Unusual Techniques For Catching Crappie With Topwater Lures And "Odd-Ball" Jigs
There are a few great ways to trigger bites from finicky crappie who just don't seem to want to bite... with lures.
Yes... I said lures. Here's a great one:
Tie a small jig about 18 inches behind a floating lure. I like to use Chugger's or Pop R's... in the smaller sizes of course.
Cast the whole thing out, and give the lure some action as you normally would. Just "pop" the lure in towards you, and the jig will mimiick the movements underwater. This gives the appearance of a smaller bait fish trying to attack another fish towards the surface.
Hold on tight, crappie will hit one or both of your baits quickly and visciously. When the lure disappears, give a quick jerk and you've got one. Colors should be yellow, white, and/or chartreuse.
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In the winter, when it gets cold, the key is to think small. Here's a great lure setup for vertical fishing that you can make at home, in a pinch.
STEP 1: Collect some size 22 midge hooks. These are used mainly for tieing flies. Also get an empty soda can. (or any aluminum can with a silver color.)
STEP 2: Clean the can, and especially wash the inside. Then let it dry. NOTE: do NOT use any sort of soap or detergent to clean the can. It will leave a spell that will turn the crappie off.)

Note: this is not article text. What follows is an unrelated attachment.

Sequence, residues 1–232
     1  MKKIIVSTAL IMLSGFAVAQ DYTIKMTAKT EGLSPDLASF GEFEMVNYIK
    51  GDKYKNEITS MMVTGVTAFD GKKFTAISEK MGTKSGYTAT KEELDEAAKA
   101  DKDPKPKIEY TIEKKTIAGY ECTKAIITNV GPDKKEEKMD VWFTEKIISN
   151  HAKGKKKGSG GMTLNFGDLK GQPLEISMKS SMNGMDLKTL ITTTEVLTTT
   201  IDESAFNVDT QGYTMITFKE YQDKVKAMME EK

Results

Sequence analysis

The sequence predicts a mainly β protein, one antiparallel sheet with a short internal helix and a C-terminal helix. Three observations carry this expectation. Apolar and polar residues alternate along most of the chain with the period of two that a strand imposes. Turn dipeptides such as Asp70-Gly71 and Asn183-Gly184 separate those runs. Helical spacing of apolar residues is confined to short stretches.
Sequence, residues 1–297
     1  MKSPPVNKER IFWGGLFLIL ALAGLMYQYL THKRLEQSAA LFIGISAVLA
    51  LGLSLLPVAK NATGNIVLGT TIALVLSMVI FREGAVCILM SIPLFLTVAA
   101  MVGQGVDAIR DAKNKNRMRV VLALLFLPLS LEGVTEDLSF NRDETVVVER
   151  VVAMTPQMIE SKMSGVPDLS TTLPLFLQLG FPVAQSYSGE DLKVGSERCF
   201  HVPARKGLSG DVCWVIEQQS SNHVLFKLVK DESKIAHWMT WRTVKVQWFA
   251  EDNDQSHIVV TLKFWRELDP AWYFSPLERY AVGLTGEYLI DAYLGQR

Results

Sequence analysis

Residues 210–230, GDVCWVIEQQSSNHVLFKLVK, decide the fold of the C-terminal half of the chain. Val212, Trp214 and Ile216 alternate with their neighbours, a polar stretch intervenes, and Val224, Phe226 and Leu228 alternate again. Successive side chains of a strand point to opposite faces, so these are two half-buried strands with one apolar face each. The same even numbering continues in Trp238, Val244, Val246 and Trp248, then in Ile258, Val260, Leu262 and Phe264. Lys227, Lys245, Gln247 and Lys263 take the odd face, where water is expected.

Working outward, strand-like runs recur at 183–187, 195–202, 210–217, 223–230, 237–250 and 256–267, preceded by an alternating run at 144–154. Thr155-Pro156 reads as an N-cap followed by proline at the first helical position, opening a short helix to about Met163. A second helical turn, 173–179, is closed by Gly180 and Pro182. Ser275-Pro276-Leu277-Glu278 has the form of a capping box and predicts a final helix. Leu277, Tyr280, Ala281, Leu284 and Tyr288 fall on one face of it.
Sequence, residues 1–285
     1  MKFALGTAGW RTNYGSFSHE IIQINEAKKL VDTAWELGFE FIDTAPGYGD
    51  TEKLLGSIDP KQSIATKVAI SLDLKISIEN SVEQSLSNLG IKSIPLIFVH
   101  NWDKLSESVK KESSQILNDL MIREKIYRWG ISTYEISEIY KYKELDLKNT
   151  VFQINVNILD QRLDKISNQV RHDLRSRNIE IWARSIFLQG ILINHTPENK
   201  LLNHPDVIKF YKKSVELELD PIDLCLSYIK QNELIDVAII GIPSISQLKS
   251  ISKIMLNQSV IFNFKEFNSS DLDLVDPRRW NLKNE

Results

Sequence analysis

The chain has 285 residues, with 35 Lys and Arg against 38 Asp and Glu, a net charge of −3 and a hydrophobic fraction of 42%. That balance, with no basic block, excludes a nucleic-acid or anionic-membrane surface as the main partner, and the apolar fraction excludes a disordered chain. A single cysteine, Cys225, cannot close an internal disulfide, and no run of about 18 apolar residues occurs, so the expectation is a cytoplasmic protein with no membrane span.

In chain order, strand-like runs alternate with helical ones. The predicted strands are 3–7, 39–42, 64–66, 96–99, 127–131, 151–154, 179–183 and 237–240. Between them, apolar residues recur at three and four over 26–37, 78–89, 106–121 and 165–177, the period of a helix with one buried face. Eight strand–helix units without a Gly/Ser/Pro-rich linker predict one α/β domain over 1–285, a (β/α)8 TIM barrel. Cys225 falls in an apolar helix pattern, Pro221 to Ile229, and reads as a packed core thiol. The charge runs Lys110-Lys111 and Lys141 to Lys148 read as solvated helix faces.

STEP 3: Once your can is dry, punch a bunch of holes in the can with a hole puncher. (You may need to cut the hand in half first.) Then collect the silver "dots".
STEP 4: Next get some "brush on" super glue. Put one of your aluminum can "dots" on a table or something, colored side up. Hold a hook in your other hand and put a single drop of super glue in the middle of the aluminum dot.
STEP 5: Grab your hook near the bend and put the straight part of the hook across the center of the glue on your dot. Just hold it there for about 60 seconds to let the glue dry. You want the hook to stay in place with the point up.
STEP 6: Let the glue set for an hour or more. Next, use some needle nose plier to bend the aluminum dot over the straight "shank" of the hook so it makes a half circle over it. To crappie, under the watter, this will look like a "copepod", a major source of food for crappie in the cold.
STEP 7: Now, time to go fishin. Rig it to an ultralight setup over a a split shot or 2. Jig it up and down, gently. The hits will be light as crappie just barely "suck it in".
Now, for straight jiggin', here's an oldie but goodie.
Rig a simple marabou jig under a bobber. If the crappie are deep I always recommend using a slip bobber.
Use a 10 to 12 foot crappie rod and a decent spinning/spincast reel. Throw this setup into cover, around structure, all the usual places.
If you use this one with a live minnow, throw on a light split shot sinker and a European porcupine quill floats. There are really sensitive and they can detect the lightest little bites from picky crappie.
In the end, no technique, bait, or strategy is a substitute for knowing crappie tendancies, and how the act in a body of water. Do your homework. Study, experiment... and get out there and catch 'em!
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